IBM used to be the computer company. When everyone bought personal computers in the ’80s and ’90s, IBM sold heavy, expensive towers to millions of households the world over. The term “IBM compatible” became as widely used as “googled” or “tweeted,” signifying DOS/Windows-based machines without name-checking those operating systems.
Yet IBM doesn’t sell computers anymore. You can’t go to a store and buy IBM-branded anything. The company completely changed their business model in recent years to focus on more complicated, big-ticket items while the personal computer market crashed and burned. (They even sold their ThinkPad business to Lenovo several years back.) IBM stayed ahead of the curve and followed the latest trends in technology without having to market to us common folk. They also made hundreds of billions of dollars in the process.
These days, IBM is a bit worse for wear. Sure, they’re still raking in billions and remain one of the biggest tech companies on the planet. At the same time, they stopped growing and lost a lot of business to others who caught on to their ideas. But how did the company lose their footing? Let’s take a look.
What does IBM do, exactly?
The company offers cloud-based solutions to businesses for pretty much everything. The company’s technology can outsource entire IT departments through automated, computer-based systems or contracted IT employees. They offer site hosting for major companies, healthcare applications for insurers and hospitals, and even power internet-connected devices. In the last decade, the company got into the machine learning space with their famous Watson platform, which can be used to analyze massive amounts of data in a short time.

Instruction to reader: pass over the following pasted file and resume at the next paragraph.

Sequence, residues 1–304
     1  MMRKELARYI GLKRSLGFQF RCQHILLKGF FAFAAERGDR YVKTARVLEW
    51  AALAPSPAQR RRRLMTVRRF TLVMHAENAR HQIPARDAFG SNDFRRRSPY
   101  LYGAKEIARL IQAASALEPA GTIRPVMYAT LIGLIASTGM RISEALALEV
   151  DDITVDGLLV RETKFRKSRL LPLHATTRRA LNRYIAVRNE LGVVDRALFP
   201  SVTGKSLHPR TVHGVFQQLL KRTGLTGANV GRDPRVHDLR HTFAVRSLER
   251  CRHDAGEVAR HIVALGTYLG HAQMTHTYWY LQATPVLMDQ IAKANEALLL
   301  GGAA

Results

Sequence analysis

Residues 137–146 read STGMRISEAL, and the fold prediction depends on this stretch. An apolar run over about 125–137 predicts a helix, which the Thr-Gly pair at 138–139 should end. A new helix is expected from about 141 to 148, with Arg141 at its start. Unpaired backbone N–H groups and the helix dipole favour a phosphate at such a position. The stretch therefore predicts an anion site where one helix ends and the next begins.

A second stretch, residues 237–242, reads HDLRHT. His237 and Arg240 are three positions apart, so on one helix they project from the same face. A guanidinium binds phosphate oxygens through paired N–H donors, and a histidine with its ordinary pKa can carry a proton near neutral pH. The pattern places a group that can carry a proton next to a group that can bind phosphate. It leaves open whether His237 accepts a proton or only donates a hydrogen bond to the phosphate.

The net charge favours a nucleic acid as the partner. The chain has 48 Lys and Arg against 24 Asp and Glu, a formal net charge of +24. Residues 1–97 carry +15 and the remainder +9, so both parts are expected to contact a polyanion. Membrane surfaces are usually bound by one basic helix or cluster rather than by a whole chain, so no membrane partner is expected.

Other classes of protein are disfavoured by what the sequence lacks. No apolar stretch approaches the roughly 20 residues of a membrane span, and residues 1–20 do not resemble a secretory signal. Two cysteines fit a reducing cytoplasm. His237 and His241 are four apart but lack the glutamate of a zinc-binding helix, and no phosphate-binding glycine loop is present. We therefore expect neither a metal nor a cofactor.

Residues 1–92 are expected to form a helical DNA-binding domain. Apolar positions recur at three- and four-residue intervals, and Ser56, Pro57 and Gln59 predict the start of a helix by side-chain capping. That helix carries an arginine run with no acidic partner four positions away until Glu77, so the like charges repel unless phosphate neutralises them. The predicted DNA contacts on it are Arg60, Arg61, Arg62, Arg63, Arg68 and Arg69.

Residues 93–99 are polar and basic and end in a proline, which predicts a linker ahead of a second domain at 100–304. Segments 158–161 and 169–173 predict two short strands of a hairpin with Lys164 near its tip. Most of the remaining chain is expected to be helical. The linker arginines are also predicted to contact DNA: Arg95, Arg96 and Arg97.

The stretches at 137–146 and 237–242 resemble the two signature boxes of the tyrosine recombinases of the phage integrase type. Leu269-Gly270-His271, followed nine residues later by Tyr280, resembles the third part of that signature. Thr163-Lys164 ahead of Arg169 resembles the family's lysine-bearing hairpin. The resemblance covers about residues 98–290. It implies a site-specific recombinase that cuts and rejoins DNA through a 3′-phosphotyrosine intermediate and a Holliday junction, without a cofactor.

Simply put, the company sells all sorts of services for every business sector imaginable.
How are they doing?
Good, but not that good. IBM’s revenue growth slowed down over the last five years, which hasn’t really been much of a hit with investors. Though the company is an industry leader, an employer of hundreds of thousands of people worldwide, and worth hundreds of billions, they’re seeing tough competition. Google and Amazon both offer some cloud-based solutions comparable to IBM, as do many smaller niche startups. Interest in their products and services waned in recent years, and it will likely continue to do so as their competitors gobble up their market share.
Should you invest in IBM?
IBM ($IBM) is in a years-long slump. They still make tens of billions of dollars, but their revenue stopped growing over the last five years. If you believe the company could turn things around in the future and keep up with other cloud service companies, you’d definitely want to do more research on IBM’s future before you invest in them. If you feel their best days are behind them, you might want to consider in their better-performing rivals, like Amazon ($AMZN) and Google ($GOOG).